Sally and the other nurses weren’t on Corregidor Island long. On April 29th, two seaplanes arrived to evacuate the remaining nurses and some wives of men stationed in the Philippines. The aircraft were PBYs, or patrol bomber (with the Y being the code assigned to the manufacturer). These were US Navy medium to heavy twin amphibious aircraft used for maritime patrol, water bombing, and search and rescue. In the 1930’s, the Navy invested heavily in developing these long-range flying boats, which did not require runways, instead having the entire ocean to pick up speed to take flight.

An older colonel on the Rock told Sally it was Emperor Hirohito’s birthday, so it was a good day to make a break for it and evacuate the last of the nurses. The colonel said it was pretty certain that the Japanese would not be fighting that day, and sure enough, about noon all the enemy planes disappeared out of the sky. The women were anxious to get the evacuation over with, but the planes had to go through a safety check first. Each plane had a crew of seven, including the pilot and co-pilot, a navigator, a radio operator, a radar operator, and from one to four gunners. All equipment needed to be checked out. Add in a half dozen or more nurses in each plane, trying to get to safety, flying in 100 plus degree heat pouring in the glass windows, and this was not a luxury ride.

“There were twenty of us,” Sally later told friends. “We got on two different airplanes, PBY’s, and that was where I ran into Col. Wood again. He oversaw the women on our plane, and I felt I could trust him.”

The plane Sally left at midnight enroute to Mindanao, an island about 500 miles from Corregidor. The plane needed to take on fuel at several points to make the four-thousand-mile trip to Australia. They place landed at about 4:45 in the morning, and the nurses had a leisurely day to see the shops and outdoor markets in the small town near the dock. The owners of the hotel there told the nurses they could all come to the hotel and get some rest before taking off again at dark. Sally was excited to sleep in a real bed with real sheets, even if it was for a few hours!

“I realized it was the first time I had been out in the daylight without being under gun fire since we fled from Manila!” Sally exclaimed. Was that just four months ago? How could so many crazy things have happened in that short amount of time?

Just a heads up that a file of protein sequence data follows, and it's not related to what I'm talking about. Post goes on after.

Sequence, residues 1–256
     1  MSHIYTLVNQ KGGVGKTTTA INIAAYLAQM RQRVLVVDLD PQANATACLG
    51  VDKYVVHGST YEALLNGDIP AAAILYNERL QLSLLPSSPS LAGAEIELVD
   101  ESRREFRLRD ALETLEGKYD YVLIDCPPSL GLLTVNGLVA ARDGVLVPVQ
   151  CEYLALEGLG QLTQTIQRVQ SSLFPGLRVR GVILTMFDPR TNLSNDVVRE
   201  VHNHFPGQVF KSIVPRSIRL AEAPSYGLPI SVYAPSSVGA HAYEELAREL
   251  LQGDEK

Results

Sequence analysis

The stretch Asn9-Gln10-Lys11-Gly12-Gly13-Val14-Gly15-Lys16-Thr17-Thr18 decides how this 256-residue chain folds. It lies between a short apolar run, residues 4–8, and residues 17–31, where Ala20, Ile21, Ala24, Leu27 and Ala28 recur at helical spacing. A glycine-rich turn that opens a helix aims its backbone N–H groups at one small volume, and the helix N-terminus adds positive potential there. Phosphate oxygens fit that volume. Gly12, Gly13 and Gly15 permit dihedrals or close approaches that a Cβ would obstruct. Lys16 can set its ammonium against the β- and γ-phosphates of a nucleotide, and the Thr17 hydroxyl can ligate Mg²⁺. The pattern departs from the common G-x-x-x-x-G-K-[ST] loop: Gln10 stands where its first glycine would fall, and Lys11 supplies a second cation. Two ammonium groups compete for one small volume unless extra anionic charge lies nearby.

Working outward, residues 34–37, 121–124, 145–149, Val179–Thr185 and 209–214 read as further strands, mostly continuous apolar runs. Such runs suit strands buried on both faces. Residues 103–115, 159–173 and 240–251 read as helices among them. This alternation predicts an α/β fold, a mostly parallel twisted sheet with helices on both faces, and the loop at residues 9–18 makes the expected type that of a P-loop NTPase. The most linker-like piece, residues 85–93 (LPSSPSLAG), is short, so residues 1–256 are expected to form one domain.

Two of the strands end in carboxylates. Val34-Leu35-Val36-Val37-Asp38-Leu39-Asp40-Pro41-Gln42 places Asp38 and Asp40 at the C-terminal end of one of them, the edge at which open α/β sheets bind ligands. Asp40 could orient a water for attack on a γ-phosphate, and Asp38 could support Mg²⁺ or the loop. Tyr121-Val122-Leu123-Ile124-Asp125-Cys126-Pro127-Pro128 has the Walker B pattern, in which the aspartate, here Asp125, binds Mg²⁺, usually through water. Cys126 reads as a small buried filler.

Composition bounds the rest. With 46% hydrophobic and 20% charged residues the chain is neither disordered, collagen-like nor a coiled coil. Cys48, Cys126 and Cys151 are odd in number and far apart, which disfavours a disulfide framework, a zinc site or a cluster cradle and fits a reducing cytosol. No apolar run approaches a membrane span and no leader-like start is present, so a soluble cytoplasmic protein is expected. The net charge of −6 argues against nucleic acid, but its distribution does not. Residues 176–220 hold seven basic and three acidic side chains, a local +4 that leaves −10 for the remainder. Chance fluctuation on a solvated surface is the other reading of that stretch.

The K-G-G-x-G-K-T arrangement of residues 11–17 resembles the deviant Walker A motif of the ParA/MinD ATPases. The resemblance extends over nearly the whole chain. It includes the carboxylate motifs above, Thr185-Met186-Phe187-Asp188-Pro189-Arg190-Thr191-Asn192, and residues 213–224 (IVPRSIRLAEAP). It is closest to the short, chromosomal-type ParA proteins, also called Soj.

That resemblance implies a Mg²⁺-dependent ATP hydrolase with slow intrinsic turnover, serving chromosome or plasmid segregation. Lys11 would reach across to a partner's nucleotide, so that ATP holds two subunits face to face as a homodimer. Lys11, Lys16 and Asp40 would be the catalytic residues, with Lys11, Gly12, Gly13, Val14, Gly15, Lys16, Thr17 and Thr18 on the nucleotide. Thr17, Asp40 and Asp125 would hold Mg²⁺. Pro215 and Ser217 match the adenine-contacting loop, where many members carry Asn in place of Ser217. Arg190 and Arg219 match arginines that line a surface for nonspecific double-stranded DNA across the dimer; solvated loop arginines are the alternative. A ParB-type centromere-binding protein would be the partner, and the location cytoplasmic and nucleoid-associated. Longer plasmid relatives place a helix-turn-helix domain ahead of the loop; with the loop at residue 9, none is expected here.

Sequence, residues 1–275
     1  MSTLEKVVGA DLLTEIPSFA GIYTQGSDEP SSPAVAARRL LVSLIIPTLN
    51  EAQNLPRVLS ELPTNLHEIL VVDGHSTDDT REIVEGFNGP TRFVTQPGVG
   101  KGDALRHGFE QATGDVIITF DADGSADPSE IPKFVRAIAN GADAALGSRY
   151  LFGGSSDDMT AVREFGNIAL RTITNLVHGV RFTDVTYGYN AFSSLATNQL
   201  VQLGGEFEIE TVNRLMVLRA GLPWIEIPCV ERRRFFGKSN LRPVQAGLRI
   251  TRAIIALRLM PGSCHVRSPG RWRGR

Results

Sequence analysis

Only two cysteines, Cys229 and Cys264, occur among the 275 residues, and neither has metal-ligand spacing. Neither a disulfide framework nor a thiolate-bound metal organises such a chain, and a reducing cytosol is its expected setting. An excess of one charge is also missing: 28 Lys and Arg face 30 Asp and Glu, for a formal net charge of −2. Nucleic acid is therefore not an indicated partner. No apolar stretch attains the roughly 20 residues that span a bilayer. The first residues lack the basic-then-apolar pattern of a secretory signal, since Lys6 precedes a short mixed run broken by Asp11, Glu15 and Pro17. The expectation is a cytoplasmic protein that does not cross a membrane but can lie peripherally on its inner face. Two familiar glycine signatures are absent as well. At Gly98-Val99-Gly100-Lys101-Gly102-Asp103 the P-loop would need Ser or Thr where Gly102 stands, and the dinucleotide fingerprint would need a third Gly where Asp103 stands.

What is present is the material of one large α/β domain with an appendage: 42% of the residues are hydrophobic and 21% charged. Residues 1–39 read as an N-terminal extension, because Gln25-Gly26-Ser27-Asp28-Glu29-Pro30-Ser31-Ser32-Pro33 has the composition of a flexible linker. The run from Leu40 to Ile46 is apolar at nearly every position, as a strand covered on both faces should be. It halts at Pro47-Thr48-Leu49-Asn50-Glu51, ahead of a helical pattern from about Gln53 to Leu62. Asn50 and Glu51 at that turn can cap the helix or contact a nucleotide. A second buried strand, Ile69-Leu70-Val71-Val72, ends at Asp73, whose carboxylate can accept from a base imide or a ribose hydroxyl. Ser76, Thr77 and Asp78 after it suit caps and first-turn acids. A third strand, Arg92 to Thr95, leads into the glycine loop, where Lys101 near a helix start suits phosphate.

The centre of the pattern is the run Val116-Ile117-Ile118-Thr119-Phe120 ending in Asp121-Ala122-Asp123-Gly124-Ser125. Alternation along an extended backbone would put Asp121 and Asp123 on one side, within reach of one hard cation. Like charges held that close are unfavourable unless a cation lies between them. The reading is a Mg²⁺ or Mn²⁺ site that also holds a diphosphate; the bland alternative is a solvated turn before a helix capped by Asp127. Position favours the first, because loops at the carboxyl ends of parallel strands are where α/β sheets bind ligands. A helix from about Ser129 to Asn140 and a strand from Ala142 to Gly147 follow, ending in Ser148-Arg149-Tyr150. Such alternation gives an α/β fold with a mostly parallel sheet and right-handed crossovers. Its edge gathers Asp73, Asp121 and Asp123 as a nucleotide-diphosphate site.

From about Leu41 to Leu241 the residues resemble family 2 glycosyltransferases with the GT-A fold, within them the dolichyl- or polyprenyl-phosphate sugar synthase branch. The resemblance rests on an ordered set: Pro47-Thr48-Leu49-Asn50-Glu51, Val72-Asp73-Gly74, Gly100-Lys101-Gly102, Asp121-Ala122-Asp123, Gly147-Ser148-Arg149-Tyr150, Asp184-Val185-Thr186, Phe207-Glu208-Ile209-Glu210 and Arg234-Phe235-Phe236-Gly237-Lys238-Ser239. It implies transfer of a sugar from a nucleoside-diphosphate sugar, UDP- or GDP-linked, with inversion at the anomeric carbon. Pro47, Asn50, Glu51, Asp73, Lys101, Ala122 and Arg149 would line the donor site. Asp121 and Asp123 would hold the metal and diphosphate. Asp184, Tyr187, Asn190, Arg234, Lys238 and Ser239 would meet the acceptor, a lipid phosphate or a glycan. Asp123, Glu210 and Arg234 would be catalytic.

After that night, the PBY crew and the women assembled at the landing dock. They all got aboard, and the first plane took off in a huge spray of water. When they were a safe distance out, the plane Sally was on started to taxi across the water away from the dock, but there were large rocks in the water. The bottom of the plane made a horrible screeching sound as it bumped over some huge boulders. The fuselage now had a gaping hole in the bottom of it. Another nurse had a tennis racket. She got down on her knees and tried unsuccessfully to stem the flow of water. She quit trying when the water came up to her neck. The nurses all stood up in the plane, and the ankle-deep water in the cabin was rising fast. The pilot limped the plane back to the landing dock.

Immediately, everyone deplaned and scattered out across the little town. They agreed to travel with only one other nurse, lest they all be captured at once. Sally and another nurse went back to the hotel, where the owners had been so nice to them. But the owners were reluctant to shelter the women now. Finally, after much hand gesturing because of the language barrier between English and Tagalog, it was agreed the proprietors would put the nurses up for the remainder of that night, if they left early in the morning. But Sally was so frightened, she didn’t sleep at all, even in a real bed with real sheets.

Sally and the other nurse never saw anyone who was on that plane again. And they fully understood they might not be able to hide for long. There was now a target on their backs. The Japanese would surely find them.


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